Leaving out detail in a painting

It’s never easy to resist that marvellous detail out there, even on distant mountains, and perhaps it does seem a shame not to include at least some of it. Don’t forget, however, that we are not trying to create a scene with photographic adherence to detail. If you can see it, that doesn’t mean you must put it in – if you come along another day the scene could be quite different, with atmosphere hiding all that detail!

This inset shows just a small part of an alpine watercolour. When I did the original sketch I could see much more detail on each of the ridges, and also more colour variation in the closer ones. With the far jagged mountain ridge I  picked out the most striking gullies, buttresses and crags and left out the others. With each ridge the highest part is a little darker in tone than its lower parts, a phenomenon that is not only present, but helps to ensure that with several such ridges we are not going to end up with extremely dark tones.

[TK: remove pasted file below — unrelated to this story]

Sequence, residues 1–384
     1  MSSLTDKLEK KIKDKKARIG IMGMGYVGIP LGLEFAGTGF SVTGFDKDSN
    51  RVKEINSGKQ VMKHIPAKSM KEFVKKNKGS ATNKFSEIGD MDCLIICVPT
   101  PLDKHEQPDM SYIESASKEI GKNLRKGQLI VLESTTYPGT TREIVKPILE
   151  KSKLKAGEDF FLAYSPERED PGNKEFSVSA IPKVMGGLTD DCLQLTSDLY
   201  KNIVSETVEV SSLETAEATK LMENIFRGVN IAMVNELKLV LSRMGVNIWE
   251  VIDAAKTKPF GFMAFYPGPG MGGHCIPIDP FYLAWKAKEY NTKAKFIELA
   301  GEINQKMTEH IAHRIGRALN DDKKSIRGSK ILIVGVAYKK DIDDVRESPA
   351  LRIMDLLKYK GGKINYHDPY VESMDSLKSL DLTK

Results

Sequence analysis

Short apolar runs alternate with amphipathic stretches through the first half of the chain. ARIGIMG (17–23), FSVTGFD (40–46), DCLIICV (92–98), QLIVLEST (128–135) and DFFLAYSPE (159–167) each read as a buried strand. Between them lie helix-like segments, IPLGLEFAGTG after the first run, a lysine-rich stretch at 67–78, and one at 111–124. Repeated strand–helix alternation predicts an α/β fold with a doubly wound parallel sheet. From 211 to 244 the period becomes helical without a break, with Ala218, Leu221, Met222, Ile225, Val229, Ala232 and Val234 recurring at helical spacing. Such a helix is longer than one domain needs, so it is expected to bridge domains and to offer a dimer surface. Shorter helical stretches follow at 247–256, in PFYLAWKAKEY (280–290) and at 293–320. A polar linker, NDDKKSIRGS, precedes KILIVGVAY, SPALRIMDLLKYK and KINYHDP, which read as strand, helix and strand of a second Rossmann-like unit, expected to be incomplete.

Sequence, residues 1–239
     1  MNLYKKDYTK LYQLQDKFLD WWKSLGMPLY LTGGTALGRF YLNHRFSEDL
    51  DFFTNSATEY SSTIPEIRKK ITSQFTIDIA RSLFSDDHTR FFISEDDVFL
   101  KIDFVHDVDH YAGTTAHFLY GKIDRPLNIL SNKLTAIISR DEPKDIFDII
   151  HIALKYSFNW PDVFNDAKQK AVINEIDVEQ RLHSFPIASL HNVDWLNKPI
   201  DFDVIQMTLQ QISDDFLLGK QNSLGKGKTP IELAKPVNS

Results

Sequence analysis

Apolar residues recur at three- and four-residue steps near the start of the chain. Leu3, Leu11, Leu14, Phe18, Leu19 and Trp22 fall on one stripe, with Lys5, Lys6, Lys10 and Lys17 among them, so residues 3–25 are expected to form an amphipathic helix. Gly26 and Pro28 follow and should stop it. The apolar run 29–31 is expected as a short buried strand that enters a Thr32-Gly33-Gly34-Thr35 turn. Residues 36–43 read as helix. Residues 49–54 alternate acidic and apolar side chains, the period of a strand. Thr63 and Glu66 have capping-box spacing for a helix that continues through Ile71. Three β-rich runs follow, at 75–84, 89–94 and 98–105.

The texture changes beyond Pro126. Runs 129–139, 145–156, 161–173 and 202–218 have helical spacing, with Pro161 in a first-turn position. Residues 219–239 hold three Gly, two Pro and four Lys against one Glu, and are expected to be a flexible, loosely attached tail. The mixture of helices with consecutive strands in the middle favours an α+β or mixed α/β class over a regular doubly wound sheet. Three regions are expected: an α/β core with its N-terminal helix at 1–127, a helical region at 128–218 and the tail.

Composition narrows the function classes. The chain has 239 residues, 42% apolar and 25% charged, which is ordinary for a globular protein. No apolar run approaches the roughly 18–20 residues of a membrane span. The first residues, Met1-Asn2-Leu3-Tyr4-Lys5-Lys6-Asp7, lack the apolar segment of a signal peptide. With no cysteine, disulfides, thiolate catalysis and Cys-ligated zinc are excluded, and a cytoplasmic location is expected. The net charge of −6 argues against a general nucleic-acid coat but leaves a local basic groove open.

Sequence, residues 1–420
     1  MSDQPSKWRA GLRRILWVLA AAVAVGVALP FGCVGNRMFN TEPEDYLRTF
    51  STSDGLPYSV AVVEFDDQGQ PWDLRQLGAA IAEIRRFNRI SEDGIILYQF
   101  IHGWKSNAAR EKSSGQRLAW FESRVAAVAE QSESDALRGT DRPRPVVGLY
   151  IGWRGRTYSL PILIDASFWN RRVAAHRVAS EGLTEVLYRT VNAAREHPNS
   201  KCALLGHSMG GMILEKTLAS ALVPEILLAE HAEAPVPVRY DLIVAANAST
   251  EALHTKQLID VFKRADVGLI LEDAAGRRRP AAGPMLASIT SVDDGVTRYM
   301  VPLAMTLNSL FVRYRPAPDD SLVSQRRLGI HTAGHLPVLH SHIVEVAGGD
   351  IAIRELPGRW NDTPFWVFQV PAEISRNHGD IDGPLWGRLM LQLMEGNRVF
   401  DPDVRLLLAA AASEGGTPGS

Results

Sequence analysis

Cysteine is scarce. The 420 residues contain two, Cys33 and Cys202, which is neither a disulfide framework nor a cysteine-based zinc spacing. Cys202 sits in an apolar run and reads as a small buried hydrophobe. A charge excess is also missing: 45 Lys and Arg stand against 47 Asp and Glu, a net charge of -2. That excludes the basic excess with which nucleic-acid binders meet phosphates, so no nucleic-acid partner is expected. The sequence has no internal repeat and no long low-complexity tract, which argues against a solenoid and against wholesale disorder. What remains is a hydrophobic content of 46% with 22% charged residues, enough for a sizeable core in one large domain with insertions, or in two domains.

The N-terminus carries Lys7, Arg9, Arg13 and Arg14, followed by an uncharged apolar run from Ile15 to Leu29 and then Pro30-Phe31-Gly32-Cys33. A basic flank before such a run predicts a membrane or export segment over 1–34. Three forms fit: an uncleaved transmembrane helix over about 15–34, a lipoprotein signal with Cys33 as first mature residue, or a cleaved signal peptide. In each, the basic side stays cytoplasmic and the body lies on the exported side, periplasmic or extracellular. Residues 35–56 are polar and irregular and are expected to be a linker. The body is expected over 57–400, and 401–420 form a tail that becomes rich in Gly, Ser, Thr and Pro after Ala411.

This painting is in an exhibition I have just started at the Erwood Station Crafts Centre just a few miles south of Builth Wells, just off the A470. It also features the stunning sculptures of Glenn Morris. A week ago I had no idea that this was going to happen, but an artist let down the gallery at the last minute, so Glenn and I were asked to step in. The exhibition is on daily and the centre is a marvellous place to stop for refreshments when travelling through Mid Wales. Telephone 01982 560674

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